A Japanese pulp classic available in English for the first time, Battle Royale is a potent allegory of what it means to be young and survive in today’s dog-eat-dog world. The first novel by small-town journalist Koushun Takami, it went on to become an even more notorious film by 70-year-old gangster director Kinji Fukusaku.

Food for thought question: What do we classify as entertainment? Are our reality television shows becoming far too cruel and exploitive? What will this lead to?

5. Planet Of The Apes 1968

Scope: Cosmology, Evolution, Hierarchy, Origin Of Species

What if we weren’t the most intelligent species? What if human’s weren’t in control? Planet Of The Apes crosses dimensions in order to portray what it would be like if Homo Sapiens weren’t the evolutionary pinnacle – but Apes were.

Food for thought question: What would it be like if we weren’t at the top of the food chain? Why are we at the top of the food chain?

6. Her 2013

Scope: Transhumanism, Relationships, Love, Intimacy

Her is a meticulous and creepily seductive criticism of our techno-orientation toward transhumanism. It is the dystopian film of our time, a haunting glimpse at the near future.

The transhumanist theory is that, when you strip away the illusions, we’re all basically Operating Systems. We’re, as Descartes first explained, conscious machines. A problem, though, is that our bodies are really bad machines. They cause us to be limited by time and space, and they cause us to die. The dependence of our consciousness on really defective hardware causes each of us to face personal extinction. It also causes us to be a lot stupider than what a conscious being would be located in a better machine. That conscious machine wouldn’t face our barriers to personal and intellectual growth or, for that matter, for experiencing love.

Food for thought question: What is artificial romance/relationships? If you could have a perfect connection with artificial intelligence, would you choose that relationship over an imperfect human one?

7. Frankenstein 1931

Scope: Science, Technology, God

There is a lesson here regarding our future potential to create beings that our sentient like ourselves – the technological hopes of the hour being uplifting and AI – that we need to think about the problem of homelessness when creating such beings. All highly intelligent creatures that we know of with the remarkable exception of the cephalopods are social creatures therefore any intelligent creature we create will likely need to have some version of home a world where it can be social as well.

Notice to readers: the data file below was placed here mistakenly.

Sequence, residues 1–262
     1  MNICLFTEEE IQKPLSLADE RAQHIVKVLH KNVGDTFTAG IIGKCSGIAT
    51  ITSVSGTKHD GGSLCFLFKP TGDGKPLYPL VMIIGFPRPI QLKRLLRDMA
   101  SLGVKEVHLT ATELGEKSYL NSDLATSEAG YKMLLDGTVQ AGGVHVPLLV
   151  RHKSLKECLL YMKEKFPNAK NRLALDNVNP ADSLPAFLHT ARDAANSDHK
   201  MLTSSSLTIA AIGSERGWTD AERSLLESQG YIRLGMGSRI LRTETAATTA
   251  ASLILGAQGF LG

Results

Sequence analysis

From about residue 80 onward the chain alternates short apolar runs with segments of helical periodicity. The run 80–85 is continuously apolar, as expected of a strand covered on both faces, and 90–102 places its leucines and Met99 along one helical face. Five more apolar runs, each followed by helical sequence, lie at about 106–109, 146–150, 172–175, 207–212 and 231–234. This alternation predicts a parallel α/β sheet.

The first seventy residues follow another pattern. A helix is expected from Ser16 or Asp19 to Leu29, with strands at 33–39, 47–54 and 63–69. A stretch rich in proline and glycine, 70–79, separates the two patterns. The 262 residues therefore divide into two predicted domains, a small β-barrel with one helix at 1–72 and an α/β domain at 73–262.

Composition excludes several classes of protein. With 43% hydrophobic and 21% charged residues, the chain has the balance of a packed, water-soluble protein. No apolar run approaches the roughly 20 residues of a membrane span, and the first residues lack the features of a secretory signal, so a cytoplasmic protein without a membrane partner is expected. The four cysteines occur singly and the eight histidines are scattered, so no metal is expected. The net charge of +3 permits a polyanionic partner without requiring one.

The dangers of monstrousness emerging from intelligence lacking a social world was brilliantly illustrated by another 19th century science-fiction horror story- H.G. Wells’ The Island of Dr Moreau (there’s a movie version with Marlon Brando – who has seen better days).

Bonus: In Mary Shelley’s novel she gives us insight into the origins of evil in the absence of such a world. Because it cannot be loved, Victor’s Frankenstein’s creation will destroy in the same way his every attempt to reach out to other sentient creature is ultimately destroyed with the creature telling his creator who has left him existentially shipwrecked.

Food for thought question: What do we consider playing god and what do we consider scientific revelation? Are we responsible for the life we create, if so, to what extent? How far are we willing to let science take us?

8. Ex Machina 2015

Scope: Technology, Artificial Intelligence,Fear

Unlike Frankenstein, Ex Machina resembles on the surface, the real victims of the film’s conflicts — which impressively run the gamut from “man-vs-machine” to “man-vs-man” to “man-vs-God” — are not the creator, his creation, or the unwilling “everyman” participant. It’s every digitally-connected man and woman on the planet, who for the sake of convenience or conformity or commerce have put themselves at the mercy of tech leaders guided by greed, hubris, a lack of principles, or all three.